# Global Positioning System

Every 12 hours, 24 main satellites in 6 orbits circle the Earth.

A GPS receiver operated by a user on Earth measures the time it takes radio signals to travel from four or more satellites to its location, calculates the distance to each satellite, and uses this calculation to determine the user’s longitude, latitude, and altitude.

The NaV star constellation was originally developed for military use by the United States Department of Defense, but a less precise version of the service is now available free of charge to civilian users all over the world. The basic civilian service will locate a receiver within 10 meters (33 feet) of its true location, though various augmentation techniques can be used to pinpoint the location to within 1 cm (0.4 inch)

Because of its accuracy and ubiquity, GPS has evolved far beyond its original military purpose, causing a revolution in personal and commercial navigation.

GPS signals are used to determine the positions and velocities of battlefield missiles and artillery projectiles, but so are the US space shuttle and the International Space Station, as well as commercial jetliners and private planes.

How does GPS function?

1. At 10,600 miles above the Earth, 21 GPS satellites and three spare satellites are in orbit. The satellites are arranged in such a way that four of them will be visible above the horizon from any point on Earth.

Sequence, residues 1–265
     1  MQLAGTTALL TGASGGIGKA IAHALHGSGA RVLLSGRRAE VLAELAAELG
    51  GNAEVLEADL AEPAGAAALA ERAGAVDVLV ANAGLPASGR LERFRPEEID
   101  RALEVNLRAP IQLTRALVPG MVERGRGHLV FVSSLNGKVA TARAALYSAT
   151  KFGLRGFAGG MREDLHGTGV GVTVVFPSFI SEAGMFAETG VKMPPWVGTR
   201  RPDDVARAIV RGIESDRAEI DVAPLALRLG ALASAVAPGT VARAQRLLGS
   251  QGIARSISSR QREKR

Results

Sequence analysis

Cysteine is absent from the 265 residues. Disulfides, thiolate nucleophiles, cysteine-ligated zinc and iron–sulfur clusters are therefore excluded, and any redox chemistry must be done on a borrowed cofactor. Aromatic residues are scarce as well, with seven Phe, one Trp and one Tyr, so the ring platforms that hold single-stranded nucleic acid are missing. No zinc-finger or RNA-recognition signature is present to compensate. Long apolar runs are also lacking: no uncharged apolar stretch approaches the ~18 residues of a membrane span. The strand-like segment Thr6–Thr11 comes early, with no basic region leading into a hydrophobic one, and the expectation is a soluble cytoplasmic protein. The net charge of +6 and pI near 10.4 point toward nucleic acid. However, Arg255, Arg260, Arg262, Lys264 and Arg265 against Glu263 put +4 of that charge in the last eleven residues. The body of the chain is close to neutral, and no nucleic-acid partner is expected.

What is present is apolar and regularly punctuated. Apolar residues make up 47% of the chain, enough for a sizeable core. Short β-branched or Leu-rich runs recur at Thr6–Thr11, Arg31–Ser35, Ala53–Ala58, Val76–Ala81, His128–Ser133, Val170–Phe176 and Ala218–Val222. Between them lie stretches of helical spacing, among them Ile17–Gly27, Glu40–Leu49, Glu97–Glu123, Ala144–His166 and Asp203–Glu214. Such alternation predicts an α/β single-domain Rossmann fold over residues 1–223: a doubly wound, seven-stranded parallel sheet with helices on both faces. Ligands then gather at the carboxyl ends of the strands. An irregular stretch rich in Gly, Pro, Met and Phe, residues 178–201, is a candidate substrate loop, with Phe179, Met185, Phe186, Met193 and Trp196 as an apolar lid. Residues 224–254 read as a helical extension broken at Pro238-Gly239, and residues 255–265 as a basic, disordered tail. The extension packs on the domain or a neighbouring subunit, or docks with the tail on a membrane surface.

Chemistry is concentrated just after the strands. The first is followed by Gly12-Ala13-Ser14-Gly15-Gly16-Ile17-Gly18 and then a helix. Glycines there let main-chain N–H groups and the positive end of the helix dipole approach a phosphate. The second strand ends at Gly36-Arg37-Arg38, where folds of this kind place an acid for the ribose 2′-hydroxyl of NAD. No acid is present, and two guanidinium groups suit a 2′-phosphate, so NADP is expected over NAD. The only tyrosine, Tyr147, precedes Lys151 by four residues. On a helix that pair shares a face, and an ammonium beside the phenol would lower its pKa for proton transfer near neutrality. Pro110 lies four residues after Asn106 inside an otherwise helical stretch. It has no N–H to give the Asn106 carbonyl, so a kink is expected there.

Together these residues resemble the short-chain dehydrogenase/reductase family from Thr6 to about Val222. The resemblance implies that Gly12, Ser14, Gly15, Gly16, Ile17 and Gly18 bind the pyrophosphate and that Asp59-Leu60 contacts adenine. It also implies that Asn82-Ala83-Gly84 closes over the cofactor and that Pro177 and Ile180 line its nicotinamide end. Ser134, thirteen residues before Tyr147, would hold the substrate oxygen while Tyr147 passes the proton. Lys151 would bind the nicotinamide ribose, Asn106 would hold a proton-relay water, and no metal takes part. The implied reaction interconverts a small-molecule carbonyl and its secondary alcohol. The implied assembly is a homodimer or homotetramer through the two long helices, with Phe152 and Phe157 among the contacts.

2. Each satellite is equipped with a computer, an atomic clock, and a radio. It constantly broadcasts its changing position and time because it understands its orbit and the clock.
3. Each satellite double-checks its sense of time and position with a ground station once a day and makes any minor corrections.
4. Any GPS receiver on the ground contains a computer that “triangulates” its position by receiving bearings from three satellites. The end result is a geographic position (longitude and latitude) to within 100 meters of most receivers.
5. The position can also be displayed if the receiver has a display screen and a map.
6. If a fourth satellite is detected, the receiver/computer can calculate the altitude as well as the geographic position.
7. If you’re on the move, your receiver may calculate your speed and direction of travel and provide you with estimated arrival times to specific destinations.